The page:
Krebsallianz in Moldova
In September Krebsallianz visited Moldova to experience the impact of their most recent donation Paclitaxel first hand.
This involved paying the Cancer Hospital in Chisinau a visit and going to children’s homes.
The home visits of children suffering from cancer gave us a chance to get closer to understanding the complexity of the problems at hand.
Moldova is the poorest country in Europe and has only one cancer hospital in the capital, Chisinau. Here we met the patients benefitting from Paclitaxel, and also others who urgently need our and your help.
Paclitaxel – a success story
In summer 2014 Krebsallianz received a generous donation of Paclitaxel from Hamburg Pharmaceutical company AqVida.
This donation was of enormous importance for the patients of the Cancer Hospital, Chisinau. Many described their previous treatment as too painful to bear, or that they suffered more than necessary.
Paclitaxel seemed to be much easier for the cancer patients to take. The side effects are comparatively less and the patients are pleased with this improvement in treatment.
Anne Croitorv was diagnosed with breast cancer nearly a decade ago. After swift and radical treatment she returned to work.
Sadly six years later in 2012, her cancer had returned to her lungs.
She was given the standard treatment by the hospital only to be met with more bad news; the cancer had spread and was very aggressive.
To fight such an aggressive cancer the doctors mixed up Anna a strong cocktail of chemotherapy.
By the end of 2013 not only was she unable to lie down to sleep, but she could not get up and walk!
The treatment was causing her so much pain, yet she had no other way to battle the cancer. This state of agony went on for 7 months.
Now, receiving Krebsallianz’s donation of Paclitaxel, she is doing much better. After the second round of chemotherapy, she was able to walk and lie down again.
No longer does she have to sleep and spend all her days sitting in an arm chair, she is more than grateful for the chance at recovery.
Whilst in Moldova we were able to visit many patients in hospital but also those who had already returned home.
In 2012 Krebsallianz in cooperation with Coram Deo helped a girl named Victoria Cergea who has been suffering from Leukemia for the past 4 years.
She has to return to Chisinau every month for treatment and she is doing much better than when we last saw her.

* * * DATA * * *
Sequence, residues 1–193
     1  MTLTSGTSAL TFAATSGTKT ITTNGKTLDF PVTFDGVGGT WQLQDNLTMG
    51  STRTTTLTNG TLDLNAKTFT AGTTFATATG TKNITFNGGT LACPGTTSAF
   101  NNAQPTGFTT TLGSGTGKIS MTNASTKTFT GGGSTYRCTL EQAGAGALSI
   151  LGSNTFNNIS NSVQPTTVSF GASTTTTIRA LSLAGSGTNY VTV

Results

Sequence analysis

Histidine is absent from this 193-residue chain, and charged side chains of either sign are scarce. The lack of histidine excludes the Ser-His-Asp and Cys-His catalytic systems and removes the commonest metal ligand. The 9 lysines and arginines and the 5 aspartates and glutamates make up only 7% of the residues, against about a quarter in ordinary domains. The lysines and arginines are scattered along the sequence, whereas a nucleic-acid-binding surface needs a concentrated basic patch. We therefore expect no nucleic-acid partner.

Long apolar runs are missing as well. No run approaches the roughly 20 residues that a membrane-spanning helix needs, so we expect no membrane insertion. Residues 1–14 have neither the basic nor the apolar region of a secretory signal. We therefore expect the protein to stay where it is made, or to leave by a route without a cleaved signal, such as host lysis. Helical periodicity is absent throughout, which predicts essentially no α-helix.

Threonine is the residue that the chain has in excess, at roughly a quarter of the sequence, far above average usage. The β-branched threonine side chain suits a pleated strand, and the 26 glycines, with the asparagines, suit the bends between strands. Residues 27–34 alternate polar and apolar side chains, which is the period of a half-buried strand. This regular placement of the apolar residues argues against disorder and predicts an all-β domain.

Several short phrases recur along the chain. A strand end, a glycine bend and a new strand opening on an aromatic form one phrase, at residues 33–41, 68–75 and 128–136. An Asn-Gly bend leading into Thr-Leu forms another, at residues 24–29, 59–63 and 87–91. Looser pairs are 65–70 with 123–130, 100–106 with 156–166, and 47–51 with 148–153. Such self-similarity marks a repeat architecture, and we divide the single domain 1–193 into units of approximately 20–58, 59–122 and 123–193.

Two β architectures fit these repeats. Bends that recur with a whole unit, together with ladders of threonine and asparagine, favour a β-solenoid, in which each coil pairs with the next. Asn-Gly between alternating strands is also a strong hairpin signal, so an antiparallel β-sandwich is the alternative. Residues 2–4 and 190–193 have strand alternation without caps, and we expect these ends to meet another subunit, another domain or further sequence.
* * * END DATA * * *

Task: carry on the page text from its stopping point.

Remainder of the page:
Her situation is a very difficult one, her father left the family to go and find work in Russia. Leaving her mother alone with three children.
Her younger sister was diagnosed with a brain tumor three years ago.
Now, 11 years old and in remission her sister is also doing much better, but sometimes has difficulty with her sight. Victoria tells us how she does her homework for her when she can see well. They have a younger brother who is fit and healthy.
The mother tells us how her kids are her only hope. The trip to Moldova helped to reveal to us the current situation that patients have to struggle with everyday.
Medicines are simply not available, even if people have enough money to buy them. Patients often have to travel to neighbouring countries and further to obtain the correct treatment.
This then has an enormous affect on friends and family of those sick. One patient explained to us that if you get ill, then all the people around them have to sacrifice so much for this one person.
The national health insurance only secures one bed in a hospital.
No more. Therefore, as the hospitals don’t have large budgets, everything that a patient needs from bed-sheets to painkillers has to be bought by the patient and their family.
Extra costs are added if one lives in a remote village, then the cost of travel for family and friends is enormous.
Others take out a loan from the bank to cover such costs. Such hardships are daily life for many patients in Moldova, those suffering from cancer and other non-communicable diseases.
Our job at Krebsallianz is to support them to the best of our abilities, as we believe nobody should suffer just because they are poor.
Help us to continue to support patients such as Victoria to give those a chance at recovery who would otherwise go untreated.